* Frank says fee limit too low
* Says it is unlikely to help consumers
(Adds additional quote, background, byline)
By Dave Clarke
WASHINGTON, Dec 17 The Federal Reserve's
proposal to limit debit card fees would not allow card
companies to cover the full cost of transactions, U.S. House
Financial Services Chairman Barney Frank said in an interview
The proposal released on Thursday would generally limit
debit "interchange" fees at 12 cents per transaction. The
average interchange fee for all debit transactions was 44 cents
in 2009, the Fed said.
"I think the way it was written, the amount the credit card
companies are allowed to charge is too low," said Frank. "It
does not reflect the full cost of all that you have to do if
you are running a credit card operation."
Banks charge retailers the fees and merchants have long
tried have a limit put in place.
The fee limit was included in the financial regulatory
overhaul law enacted in July. Frank is one of the law's main
authors and it is often referred to as Dodd-Frank, with Senate
Banking Committee Chairman Christopher Dodd being the other
CardHub.com said on Friday it estimates the Fed proposal
would cost banks $13 billion in revenue annually.
Frank expressed concern that whatever savings are achieved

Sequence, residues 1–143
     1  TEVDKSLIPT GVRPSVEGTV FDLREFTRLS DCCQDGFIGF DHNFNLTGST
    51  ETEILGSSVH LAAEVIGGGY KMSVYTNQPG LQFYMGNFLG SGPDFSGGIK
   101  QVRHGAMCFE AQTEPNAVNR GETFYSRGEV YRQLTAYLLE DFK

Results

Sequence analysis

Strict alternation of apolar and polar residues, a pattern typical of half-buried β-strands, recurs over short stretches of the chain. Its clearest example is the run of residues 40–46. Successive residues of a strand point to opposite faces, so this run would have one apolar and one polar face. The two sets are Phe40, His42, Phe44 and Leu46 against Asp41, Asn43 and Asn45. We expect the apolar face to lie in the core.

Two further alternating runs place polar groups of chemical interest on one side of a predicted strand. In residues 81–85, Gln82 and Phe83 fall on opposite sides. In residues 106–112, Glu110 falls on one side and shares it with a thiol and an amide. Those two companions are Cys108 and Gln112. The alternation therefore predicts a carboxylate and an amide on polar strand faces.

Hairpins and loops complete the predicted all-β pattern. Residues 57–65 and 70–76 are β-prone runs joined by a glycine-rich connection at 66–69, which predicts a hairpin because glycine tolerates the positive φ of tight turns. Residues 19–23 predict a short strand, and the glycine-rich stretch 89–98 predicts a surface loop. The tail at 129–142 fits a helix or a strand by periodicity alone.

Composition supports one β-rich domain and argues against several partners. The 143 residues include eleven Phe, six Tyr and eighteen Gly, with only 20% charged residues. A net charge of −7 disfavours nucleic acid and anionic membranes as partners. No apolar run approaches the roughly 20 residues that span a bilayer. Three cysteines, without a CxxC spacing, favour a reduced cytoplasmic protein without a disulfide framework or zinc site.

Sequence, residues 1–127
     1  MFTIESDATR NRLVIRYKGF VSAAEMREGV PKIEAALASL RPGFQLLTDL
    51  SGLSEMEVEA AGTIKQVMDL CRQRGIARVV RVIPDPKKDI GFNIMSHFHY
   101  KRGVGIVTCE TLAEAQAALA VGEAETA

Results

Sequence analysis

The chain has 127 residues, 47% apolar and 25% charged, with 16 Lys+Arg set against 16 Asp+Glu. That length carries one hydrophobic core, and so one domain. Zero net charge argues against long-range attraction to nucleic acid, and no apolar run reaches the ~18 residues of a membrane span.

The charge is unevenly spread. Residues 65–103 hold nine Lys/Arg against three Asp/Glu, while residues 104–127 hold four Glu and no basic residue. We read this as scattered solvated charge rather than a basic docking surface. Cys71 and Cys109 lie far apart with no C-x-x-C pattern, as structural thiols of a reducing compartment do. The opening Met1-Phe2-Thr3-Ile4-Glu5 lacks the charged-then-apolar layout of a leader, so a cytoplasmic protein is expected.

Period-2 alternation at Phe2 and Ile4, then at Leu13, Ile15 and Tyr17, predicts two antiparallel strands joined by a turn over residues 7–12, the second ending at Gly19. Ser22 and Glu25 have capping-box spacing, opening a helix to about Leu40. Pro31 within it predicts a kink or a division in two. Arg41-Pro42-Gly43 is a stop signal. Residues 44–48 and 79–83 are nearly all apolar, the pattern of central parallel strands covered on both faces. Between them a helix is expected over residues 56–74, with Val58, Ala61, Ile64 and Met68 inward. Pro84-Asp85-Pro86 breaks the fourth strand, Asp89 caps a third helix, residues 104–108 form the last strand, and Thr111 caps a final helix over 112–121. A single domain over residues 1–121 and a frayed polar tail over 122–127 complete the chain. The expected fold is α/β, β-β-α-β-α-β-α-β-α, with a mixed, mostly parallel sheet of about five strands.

will not be passed on to the consumer.
"Unfortunately the evidence we've seen elsewhere is that
consumers don't get any benefit," he said.
Analysts expect banks to make up for lost fees by
curtailing rewards programs and increasing other fees.
Frank said the fee limit was added to the bill at the
insistence of the Senate and that he would have preferred it
had been left out.
Frank has also expressed concerns the limit will hurt small
banks even though they are technically exempt from that
provision of the law.
The rule, as required by the law, also seeks to introduce
more competition into the card network market by requiring that
transactions be able to be processed over more than one
network, which analysts view as a blow to Visa (V.N) and
(Reporting by Dave Clarke; Editing by Robert MacMillan and